The Port of Seattle is trying to compromise, but the removal of net shed lofts at Fishermen's Terminal remains a contentious issue for fishermen. Whether the Port's pilot program will adequately replace the old lofts is in question. Regardless, the old lofts will be dismantled - meaning fishermen will need to trim their belongings whether they want to or not.
The lofts must come down because they do not comply with Seattle Fire Department codes, Port officials said.
"It's not like we're making an issue of this," said Port spokesman Peter McGraw. "It is an issue." Though the lofts have never suffered a fire, McGraw said the Seattle Fire Department and Department of Planning and Development have told him they are unsafe and illegal. He added. "We've finally gotten to the point where we actually have to do something about it. Just because something has been wrong in the past doesn't mean we have to continue to have it wrong in the future."
To make up for the lost space, the Port plans to put metal shelving into the lockers. But some say that's not enough.
"They need to proceed by first asking what the fishermen need and not coming in and disrupting business," said salmon and halibut fisherman Pete Knutson, who has been moored at Fishermen's Terminal since 1972 and sits on the Fishermen's Terminal Advisory Committee (FTAC).
"The question is if it's not up to code why has the Port allowed their net sheds to fall in this kind of disrepair. They're supposed to support our business. Why don't they bring it up to code?"
Though the Port considered the option, reworking the sprinkler system around the loft structures was not a cost-effective solution, McGraw said. The shelving units are a way to "retain some of the storage capacity they would be losing with the lofts being removed," McGraw added.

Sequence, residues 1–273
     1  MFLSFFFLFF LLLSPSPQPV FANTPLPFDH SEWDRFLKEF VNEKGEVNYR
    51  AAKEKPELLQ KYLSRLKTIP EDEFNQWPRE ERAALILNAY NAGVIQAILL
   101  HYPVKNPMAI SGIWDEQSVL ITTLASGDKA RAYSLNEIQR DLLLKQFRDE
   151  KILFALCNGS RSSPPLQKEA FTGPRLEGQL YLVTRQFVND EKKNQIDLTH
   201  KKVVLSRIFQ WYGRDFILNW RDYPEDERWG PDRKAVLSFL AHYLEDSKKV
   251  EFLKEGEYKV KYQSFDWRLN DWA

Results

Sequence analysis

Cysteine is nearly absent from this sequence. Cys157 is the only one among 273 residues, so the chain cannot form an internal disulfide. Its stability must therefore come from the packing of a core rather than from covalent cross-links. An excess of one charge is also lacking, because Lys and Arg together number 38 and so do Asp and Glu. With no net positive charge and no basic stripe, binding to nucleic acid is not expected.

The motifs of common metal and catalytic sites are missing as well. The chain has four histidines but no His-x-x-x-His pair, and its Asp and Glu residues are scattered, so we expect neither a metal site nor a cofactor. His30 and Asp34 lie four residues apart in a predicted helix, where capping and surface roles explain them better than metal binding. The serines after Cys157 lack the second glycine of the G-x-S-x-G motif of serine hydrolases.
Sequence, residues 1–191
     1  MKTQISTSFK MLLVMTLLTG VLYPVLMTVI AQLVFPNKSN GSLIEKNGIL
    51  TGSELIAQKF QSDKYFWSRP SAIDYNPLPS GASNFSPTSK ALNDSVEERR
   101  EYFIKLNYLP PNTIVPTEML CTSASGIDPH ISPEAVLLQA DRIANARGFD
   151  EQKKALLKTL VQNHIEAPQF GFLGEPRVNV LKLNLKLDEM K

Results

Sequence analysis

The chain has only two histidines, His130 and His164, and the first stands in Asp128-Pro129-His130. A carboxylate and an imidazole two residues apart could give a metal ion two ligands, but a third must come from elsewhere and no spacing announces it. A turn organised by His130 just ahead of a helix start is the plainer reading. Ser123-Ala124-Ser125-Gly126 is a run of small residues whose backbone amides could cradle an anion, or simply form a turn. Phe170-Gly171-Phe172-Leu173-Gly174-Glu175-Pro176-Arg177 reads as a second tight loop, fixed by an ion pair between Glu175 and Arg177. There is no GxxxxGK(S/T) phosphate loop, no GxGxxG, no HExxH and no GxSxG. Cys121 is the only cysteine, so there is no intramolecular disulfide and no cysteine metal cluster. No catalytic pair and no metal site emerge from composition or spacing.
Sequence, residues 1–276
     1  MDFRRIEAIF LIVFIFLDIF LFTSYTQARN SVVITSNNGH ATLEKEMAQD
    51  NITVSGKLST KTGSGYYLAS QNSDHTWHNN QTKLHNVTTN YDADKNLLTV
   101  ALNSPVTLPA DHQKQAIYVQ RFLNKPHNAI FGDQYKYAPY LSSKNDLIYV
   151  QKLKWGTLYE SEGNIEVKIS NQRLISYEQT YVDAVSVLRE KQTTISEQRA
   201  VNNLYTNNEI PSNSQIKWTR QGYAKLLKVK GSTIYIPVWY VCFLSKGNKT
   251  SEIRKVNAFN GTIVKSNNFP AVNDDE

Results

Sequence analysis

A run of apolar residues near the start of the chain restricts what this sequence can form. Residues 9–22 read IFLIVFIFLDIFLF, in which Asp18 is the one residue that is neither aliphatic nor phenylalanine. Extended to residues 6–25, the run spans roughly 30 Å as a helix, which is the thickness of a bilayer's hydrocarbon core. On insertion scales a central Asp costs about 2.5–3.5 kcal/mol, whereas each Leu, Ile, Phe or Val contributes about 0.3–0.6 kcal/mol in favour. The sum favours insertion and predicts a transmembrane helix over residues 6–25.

However, the gesture doesn't seem to be sufficient.
"The shelving they're referring to meets the fire code and of course it's pretty much inadequate," said David Harsila, chairman of FTAC and salmon fisherman. "I don't see how it's going to be able to support fishermen's needs. It won't come close to accommodating the stuff fishermen have to store. It's a compromise but one that doesn't mean much for fishermen."
To illustrate the pilot program, the Port dismantled one of the net shed lofts and transferred fisherman John Crowley's materials into another nearby locker yesterday.
Crowley, who was originally opposed to the change, said he's happy with what the Port's doing.
"In the beginning I didn't like the idea of change either," Crowley said, "but I realized I was fighting a battle that couldn't and shouldn't be won."
Crowley's former net shed had a loft, put together with scraps of wood over the past 40 years, and Crowley's not sad to see it go.
"[The new net shed] looks to me it'll be as much space, if not more," Crowley said. "To me, I'm not losing anything; the shelves will be easier for me. I'm very happy about the change."
Though not all of the 242 net-shed lockers have illegal loft structures, McGraw predicts the process will take years.
"It isn't something we're going to have everyone do at the same time. We don't want anyone to lose a day of fishing, a day of work," McGraw said, "and we want to try and get these new shelving systems to work just as good as the old ones. Folks are going have to take a little bit of stock into what they want to keep, throw away and sell."
The Port will put metal shelving into net sheds if asked, or fisherman can move into an up-to-code net shed as they become available, but either way the longtime lofts are on their way out.